Palestinian gunmen have killed a pregnant Israeli woman and her four children in an attack near a Jewish settlement in the Gaza Strip. Observers say the killings could influence the outcome of Sunday's referendum of the ruling Likud Party on a plan to have Israel withdraw from the territory and parts of the West Bank.
The gunmen launched their deadly ambush as the Israeli woman was driving with her children on a road that leads to the Gaza Strip settlement of Gush Katif. Everyone in the car reportedly died instantly in the hail of automatic gunfire.
The attackers set off an explosive charge at a nearby Israeli army post, but troops were able to give chase. They intercepted and killed two Palestinians in a gun battle.
Israel called the ambush a massacre and accused Palestinian leader Yasser Arafat and Palestinian armed groups of trying to turn Likud Party voters against Prime Minister Ariel Sharon's plan to pull out of Gaza.
Israeli spokesman Avi Pazner says the attack was the slaughter of "innocent children."
Two Palestinian groups claimed responsibility for the killings - the Islamic Jihad, listed by the State Department as a terrorist organization, and the Popular Resistance Committees, an umbrella group responsible for other attacks in the Gaza Strip.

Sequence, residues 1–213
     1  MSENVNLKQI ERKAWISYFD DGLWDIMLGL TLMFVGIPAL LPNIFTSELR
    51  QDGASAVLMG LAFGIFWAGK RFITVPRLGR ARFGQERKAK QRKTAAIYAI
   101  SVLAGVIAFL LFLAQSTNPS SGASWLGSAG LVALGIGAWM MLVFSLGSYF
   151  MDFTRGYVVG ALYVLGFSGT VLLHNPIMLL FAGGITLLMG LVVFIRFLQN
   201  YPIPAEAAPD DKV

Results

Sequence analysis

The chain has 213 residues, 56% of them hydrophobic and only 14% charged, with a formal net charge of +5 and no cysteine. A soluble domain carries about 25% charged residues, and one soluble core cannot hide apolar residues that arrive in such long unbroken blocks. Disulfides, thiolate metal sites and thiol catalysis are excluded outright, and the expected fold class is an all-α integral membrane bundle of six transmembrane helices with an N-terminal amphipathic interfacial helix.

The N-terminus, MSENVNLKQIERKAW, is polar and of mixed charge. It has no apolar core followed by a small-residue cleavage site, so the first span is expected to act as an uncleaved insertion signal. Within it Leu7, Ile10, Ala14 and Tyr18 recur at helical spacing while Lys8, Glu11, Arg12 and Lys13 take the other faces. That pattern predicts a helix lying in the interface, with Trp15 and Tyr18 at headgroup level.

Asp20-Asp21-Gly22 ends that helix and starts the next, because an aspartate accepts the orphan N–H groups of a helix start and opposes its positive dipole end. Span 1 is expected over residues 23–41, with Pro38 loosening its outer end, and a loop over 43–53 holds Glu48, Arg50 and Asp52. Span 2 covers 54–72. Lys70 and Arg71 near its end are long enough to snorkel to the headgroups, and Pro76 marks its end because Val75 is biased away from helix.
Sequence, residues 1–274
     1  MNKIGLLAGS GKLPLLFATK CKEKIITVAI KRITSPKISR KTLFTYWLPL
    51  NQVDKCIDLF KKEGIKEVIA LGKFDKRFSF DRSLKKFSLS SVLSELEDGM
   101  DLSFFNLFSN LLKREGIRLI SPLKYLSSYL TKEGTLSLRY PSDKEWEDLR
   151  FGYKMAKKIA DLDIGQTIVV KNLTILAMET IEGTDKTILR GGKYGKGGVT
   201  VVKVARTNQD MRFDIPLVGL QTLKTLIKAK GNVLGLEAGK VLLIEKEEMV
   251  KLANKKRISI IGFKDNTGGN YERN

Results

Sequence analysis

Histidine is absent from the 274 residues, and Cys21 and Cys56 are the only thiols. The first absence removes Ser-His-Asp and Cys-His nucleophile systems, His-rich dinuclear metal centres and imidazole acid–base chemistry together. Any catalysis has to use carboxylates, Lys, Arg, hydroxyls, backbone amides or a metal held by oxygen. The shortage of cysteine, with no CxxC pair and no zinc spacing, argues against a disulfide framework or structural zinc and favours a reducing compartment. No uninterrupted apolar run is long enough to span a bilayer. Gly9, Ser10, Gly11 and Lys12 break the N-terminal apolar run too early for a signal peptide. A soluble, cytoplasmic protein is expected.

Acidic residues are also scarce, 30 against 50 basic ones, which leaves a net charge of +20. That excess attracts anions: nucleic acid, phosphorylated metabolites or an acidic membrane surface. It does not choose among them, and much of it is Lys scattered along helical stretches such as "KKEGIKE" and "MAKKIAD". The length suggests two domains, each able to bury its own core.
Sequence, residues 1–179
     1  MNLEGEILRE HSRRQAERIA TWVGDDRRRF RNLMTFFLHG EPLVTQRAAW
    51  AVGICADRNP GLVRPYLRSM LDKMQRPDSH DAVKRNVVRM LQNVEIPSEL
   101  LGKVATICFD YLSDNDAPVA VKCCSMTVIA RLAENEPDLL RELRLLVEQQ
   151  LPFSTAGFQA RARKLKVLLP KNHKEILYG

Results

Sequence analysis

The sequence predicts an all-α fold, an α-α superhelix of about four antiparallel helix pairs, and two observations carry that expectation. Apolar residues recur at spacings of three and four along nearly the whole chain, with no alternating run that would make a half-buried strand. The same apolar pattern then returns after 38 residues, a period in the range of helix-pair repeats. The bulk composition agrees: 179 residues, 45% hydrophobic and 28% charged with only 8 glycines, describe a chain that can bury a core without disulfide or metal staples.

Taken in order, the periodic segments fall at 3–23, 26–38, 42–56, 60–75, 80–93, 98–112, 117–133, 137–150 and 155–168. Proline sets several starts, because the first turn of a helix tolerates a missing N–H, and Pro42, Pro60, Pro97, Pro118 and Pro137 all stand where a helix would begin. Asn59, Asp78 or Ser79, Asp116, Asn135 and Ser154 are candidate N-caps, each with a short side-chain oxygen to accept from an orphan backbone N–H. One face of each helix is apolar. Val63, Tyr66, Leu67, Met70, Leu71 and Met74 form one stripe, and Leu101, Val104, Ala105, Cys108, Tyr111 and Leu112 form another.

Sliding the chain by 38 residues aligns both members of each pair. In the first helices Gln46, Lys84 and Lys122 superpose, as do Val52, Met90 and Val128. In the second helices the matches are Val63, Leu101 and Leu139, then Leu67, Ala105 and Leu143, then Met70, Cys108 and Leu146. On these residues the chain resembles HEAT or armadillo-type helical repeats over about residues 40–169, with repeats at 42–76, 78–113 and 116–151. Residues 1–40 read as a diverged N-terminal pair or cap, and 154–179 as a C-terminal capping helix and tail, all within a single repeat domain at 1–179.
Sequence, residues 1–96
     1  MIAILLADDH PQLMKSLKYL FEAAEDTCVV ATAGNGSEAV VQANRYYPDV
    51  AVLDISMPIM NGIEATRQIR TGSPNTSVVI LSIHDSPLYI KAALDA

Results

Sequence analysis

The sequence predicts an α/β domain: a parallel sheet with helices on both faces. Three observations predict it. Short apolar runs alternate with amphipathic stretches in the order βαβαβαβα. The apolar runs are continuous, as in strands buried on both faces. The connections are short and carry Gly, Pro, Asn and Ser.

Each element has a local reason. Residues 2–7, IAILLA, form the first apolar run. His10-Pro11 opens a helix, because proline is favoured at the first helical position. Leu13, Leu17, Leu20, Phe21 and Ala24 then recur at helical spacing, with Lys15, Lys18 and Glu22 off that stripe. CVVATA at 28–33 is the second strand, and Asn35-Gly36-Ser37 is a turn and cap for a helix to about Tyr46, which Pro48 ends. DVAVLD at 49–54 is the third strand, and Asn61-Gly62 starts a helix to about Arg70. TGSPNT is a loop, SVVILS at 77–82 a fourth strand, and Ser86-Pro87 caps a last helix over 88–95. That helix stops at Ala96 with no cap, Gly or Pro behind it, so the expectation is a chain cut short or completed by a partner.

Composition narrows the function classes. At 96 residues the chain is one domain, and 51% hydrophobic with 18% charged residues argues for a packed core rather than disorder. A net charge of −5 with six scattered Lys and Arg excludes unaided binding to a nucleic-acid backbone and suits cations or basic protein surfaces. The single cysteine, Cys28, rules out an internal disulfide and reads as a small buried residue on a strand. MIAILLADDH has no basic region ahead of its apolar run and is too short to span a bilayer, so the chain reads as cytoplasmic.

The ambush occurred just as voting began among nearly 200,000 Likud members on Mr. Sharon's proposals for Israel to unilaterally withdraw all Jewish settlements and troops from the Gaza Strip and parts of the West Bank.
Observers note that even before Sunday's ambush, there were many in the Likud who firmly opposed the Sharon plan.
Among them is Uzi Landau, a Likud member of Mr. Sharon's cabinet, who says the attack only serves to strengthen the case against Israel giving away more territory to the Palestinians.
"The risks are enormous. There are no gains. Only terrorists are gaining from it," he said.
Mr. Sharon, once hailed as one of the biggest supporters of the Jewish settler movement, says he no longer accepts that Jews have a right to settle in Gaza.
He says the evacuation is necessary for the sake of Israel's overall security.
As Likud voters cast their ballots at more than 400 polling booths across the country, he warned that a rejection of his plan in the referendum could place Israel's future at risk.